It’s just not for me. I can’t. Even if it’s working. It’s like I’m motivated by “newness”. Someone called me a “citizen scientist” the other day. I hate that term. Nothing I do is scientific. I don’t measure, I don’t label, I don’t track dates. I’m an explorer. I explore. That’s my strength. And if you’re like me, and you’re constantly trying new things, starting new projects, wondering “what if”, that’s your fucking superpower. GO WITH IT. Because as much as we need people to stick with stuff, we need people to initiate new things. And a lot of innovation happens through personal projects. I bottle a lot of this stuff up for work because there would be far too much financial risk for me to just “try new shit” with other people’s money. But, if it’s your own company, if it’s your own pet project, if you have the green light to do it for other people, just freaking run with it. Start, stop, flip things on their heads, open them up, smash them open with a hammer, throw them away, call them “Steve”, and paint them yellow. And if you’re someone who sticks with stuff, let that shit shine, too. Be that person that everyone admires for advancing on projects for years on end. Be the one who’s meticulous, detail-oriented. Be the one who nurtures the project, as though you’re growing your own daffodils, or spider plants, or little shop of horrors. Be grey if that’s what feels just right to you.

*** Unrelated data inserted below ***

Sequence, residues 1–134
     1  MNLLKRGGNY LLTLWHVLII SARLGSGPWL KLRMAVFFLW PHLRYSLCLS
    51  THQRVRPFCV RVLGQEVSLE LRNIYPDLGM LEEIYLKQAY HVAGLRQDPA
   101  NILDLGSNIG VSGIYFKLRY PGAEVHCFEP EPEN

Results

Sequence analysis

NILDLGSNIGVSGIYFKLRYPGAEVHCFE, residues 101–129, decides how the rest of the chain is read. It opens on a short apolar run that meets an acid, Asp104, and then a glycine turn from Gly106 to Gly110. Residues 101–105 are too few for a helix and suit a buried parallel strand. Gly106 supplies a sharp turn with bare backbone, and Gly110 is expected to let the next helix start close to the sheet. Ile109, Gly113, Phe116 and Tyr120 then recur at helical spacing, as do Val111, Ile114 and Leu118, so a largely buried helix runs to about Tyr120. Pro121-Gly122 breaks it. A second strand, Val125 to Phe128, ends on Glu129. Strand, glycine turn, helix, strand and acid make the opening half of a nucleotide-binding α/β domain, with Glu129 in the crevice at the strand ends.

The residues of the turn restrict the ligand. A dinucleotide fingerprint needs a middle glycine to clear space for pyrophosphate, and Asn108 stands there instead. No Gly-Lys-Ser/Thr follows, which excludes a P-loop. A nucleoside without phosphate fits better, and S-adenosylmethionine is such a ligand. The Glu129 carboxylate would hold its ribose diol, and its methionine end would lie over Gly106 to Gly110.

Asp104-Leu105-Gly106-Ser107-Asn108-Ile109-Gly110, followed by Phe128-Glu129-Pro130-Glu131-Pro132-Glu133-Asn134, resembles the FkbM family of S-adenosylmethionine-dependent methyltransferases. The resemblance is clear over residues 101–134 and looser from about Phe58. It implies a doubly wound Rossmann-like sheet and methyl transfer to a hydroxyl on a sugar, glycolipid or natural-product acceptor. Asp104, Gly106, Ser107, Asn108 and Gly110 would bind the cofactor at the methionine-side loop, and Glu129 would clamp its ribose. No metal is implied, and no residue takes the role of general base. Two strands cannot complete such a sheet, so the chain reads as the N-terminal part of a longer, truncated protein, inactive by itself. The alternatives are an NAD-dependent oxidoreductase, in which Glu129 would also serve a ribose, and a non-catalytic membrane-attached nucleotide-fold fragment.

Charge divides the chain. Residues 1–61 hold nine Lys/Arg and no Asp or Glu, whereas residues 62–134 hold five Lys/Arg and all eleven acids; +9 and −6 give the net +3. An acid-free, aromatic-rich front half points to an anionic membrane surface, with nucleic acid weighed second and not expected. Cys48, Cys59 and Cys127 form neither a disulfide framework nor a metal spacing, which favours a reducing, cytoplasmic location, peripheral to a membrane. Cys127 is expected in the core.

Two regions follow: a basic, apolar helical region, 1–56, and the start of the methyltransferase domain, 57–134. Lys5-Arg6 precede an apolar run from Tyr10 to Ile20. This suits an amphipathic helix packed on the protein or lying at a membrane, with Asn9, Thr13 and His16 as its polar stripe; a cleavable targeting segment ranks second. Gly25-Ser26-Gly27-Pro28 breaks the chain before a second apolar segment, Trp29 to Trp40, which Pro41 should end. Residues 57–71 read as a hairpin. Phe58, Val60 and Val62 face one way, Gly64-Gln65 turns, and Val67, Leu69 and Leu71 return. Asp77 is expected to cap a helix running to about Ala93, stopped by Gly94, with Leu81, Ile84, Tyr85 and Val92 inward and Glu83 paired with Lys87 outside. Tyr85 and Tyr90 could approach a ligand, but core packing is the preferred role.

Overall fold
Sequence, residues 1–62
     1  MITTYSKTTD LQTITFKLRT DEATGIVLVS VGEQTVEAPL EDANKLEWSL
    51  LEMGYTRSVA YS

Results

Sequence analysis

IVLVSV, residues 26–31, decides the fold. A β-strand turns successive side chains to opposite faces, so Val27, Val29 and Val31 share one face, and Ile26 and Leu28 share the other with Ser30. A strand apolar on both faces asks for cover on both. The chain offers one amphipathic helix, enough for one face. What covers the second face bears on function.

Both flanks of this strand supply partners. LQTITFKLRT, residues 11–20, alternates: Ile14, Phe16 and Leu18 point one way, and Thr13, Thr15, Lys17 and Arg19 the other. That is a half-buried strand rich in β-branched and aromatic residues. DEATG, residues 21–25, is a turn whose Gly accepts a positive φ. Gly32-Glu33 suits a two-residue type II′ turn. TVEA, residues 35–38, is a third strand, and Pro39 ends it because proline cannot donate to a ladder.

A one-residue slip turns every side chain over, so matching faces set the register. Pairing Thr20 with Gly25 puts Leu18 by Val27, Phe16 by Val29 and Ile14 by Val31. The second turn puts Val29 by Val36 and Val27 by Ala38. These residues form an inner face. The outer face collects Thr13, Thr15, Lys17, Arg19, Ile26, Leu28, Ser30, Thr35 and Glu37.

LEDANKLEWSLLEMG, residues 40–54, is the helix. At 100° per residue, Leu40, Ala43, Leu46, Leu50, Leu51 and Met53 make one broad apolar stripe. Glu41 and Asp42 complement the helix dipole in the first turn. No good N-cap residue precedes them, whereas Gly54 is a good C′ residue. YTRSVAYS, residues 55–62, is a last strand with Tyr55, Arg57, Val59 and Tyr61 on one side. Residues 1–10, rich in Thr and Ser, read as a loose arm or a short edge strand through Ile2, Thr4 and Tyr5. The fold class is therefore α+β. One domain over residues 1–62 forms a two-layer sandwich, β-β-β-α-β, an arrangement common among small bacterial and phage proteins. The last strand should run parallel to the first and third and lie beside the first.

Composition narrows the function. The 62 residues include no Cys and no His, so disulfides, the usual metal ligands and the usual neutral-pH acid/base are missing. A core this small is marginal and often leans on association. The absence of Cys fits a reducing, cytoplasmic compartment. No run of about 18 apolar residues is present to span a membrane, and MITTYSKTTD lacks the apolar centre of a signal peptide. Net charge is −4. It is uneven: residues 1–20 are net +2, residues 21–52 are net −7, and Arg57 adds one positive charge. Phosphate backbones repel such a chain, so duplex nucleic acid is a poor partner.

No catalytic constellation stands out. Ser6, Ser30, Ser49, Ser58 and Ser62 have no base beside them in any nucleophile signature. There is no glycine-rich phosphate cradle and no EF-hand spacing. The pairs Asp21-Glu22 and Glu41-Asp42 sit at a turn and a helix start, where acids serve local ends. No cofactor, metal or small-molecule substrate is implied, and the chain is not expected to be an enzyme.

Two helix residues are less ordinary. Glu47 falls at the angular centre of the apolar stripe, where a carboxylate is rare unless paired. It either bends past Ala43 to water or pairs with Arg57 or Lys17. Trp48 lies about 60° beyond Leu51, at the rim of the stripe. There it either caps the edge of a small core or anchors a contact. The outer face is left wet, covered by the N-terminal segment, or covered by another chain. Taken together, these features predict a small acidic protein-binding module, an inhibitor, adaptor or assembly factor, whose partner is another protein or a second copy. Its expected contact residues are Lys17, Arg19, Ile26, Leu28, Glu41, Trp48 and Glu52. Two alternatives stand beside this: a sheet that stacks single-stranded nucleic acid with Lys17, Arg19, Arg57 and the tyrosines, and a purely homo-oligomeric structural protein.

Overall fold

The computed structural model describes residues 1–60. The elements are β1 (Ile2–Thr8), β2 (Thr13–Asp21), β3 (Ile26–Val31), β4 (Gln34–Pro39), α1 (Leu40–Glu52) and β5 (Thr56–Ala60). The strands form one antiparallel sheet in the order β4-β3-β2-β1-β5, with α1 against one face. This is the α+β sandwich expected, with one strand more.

It sounds like quite the affirming post up until now. I think I’m just tired of everything being labelled and categorized and analyzed. In the end, does it really matter? If your method of doing things isn’t preventing you from leading a healthy, happy life, does it matter? Do you, I’ll do me, and let’s get shit done the way we want to get it done.
Great post. One note before I get into my vigorous agreement with you – “on the spectrum” does mean something, it means that someone has one of the spectrum of disorders that makes up Autism Spectrum Disorder, and if someone’s throwing it around in this context to describe your work patterns (which as you point out at the end, are eminently NOT disordered) then they maybe should reconsider doing that.
OK vigorous agreement time! Yes, it is so critical to not dissuade people from exploring.
Brandon Sanderson has an analogy I love that he uses frequently on the Writing Excuses podcast, which is applicable to not just writing but all creative endeavors.
Someone goes to the park or out into the driveway with a basketball to shoot hoops. They’re not training to be in the NBA. They’re not practicing for a game, specifically. They’re just noodling around with something that brings them joy and brings them benefits not limited to the activity itself.
Creative work isn’t treated the same. We have to be working towards some grand outcome. Like, I do absolutely want to be a traditionally-published author and I have something of a roadmap to get there. But I also just write things that go nowhere because it helps me work out ideas I’m developing. I do like selling the things I make in the shop – but I also just make things because the act of creation is a joyful and therapeutic one, and because I like to learn. Sometimes I do things just to have done them so I can fold that into my development as a creator and a person, and that has as much merit as any other motivation.